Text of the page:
Read blogger Siobhan’s journey through the final year of her undergrad degree in English at Carleton. Siobhan is currently pursuing her M.A. in English at Simon Fraser University.

siobhan doody banner 2MEET SIOBHAN DOODY

September 23, 2013

To start this semester off, I thought I should introduce myself before pouring out my heart and soul to all those who are willing to read about the triumphs and troubles of a Carleton English student. My name is Siobhan (pronounced shuh-vahn, but I’ve heard a multitude of variations over the years, and am long over being offended by mispronunciations) and I am a fourth year English student here at Carleton. I was born and raised in Ottawa and unlike the majority of my friends and family, I chose to stay in my hometown—at least for the duration of my undergrad—and I have never once regretted that decision. To be fair, I did spend four months last fall living in Lyon, France, as an exchange student, but was happy to call Ottawa home after spending my summers’ savings eating and travelling my way through Europe.

For those of you who may be new to Carleton, I’m pleased to report that if my experience over the past three years has any validity, then Carleton’s English department will not disappoint. I started my first year intimidated by the notion of University life and all it could offer, but my experience at Carleton has taught me a few things that I wish I had known from the beginning. Don’t get the wrong idea, I’m not all-knowing or full of wisdom after my short time at Carleton, but my experience as an English student here has taught me a few lessons that I’m willing to share (whether you’re willing to read them or not is a different question entirely).Last year in my American Culture class, I came to the pleasant realization that no one ever really stops learning. Everyone says that you “learn something new every day,” but as I sat in a class of 60+ students and realized that it was as much a learning experience for the professor as it was for the students, I saw education in a whole new light. Your professors and TA’s are people too; don’t be afraid to go talk to them. Whether it is to talk about an assignment or just to bounce ideas back and forth, from my experience most professors would be more than happy to have you keep them company in what are otherwise potentially lonely and quiet office hours. They may even learn a thing or two from you (I have yet to prove the possibility of this occurring, but you may surprise yourself)!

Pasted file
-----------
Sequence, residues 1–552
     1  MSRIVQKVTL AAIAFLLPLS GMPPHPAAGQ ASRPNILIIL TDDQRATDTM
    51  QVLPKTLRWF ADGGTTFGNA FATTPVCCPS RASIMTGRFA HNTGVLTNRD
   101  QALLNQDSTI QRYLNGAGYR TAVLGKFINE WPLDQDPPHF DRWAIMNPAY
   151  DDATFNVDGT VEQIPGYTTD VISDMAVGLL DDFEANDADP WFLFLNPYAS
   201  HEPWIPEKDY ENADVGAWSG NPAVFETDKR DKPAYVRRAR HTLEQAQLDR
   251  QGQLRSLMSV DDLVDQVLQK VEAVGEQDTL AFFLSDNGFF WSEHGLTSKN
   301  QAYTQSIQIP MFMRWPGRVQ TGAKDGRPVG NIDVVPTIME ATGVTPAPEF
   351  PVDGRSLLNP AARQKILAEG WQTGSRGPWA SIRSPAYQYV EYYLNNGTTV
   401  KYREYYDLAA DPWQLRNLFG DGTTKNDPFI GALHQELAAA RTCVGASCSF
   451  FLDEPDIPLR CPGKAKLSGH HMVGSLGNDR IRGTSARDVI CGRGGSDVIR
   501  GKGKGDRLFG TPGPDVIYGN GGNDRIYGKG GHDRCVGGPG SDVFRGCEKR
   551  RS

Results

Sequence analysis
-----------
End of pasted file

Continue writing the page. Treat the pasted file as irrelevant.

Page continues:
Maybe it’s the feminist in me striving to stand out among a sea of men, or the fact that as the youngest of four children I’m constantly trying to get through life without aid from a sibling, but when it comes to being independent, I’m about as stubborn as they come. It took me a while to realize it, but throughout my past few years I’ve slowly come to appreciate that asking for help is never a bad idea. Whether it be about finding my way across campus, getting suggestions on which classes and professors to take, or getting inspiration and feedback on papers, asking for help has proven to be more than beneficial. At the end of the day you’ll still come out independent, just a little less lost and confused.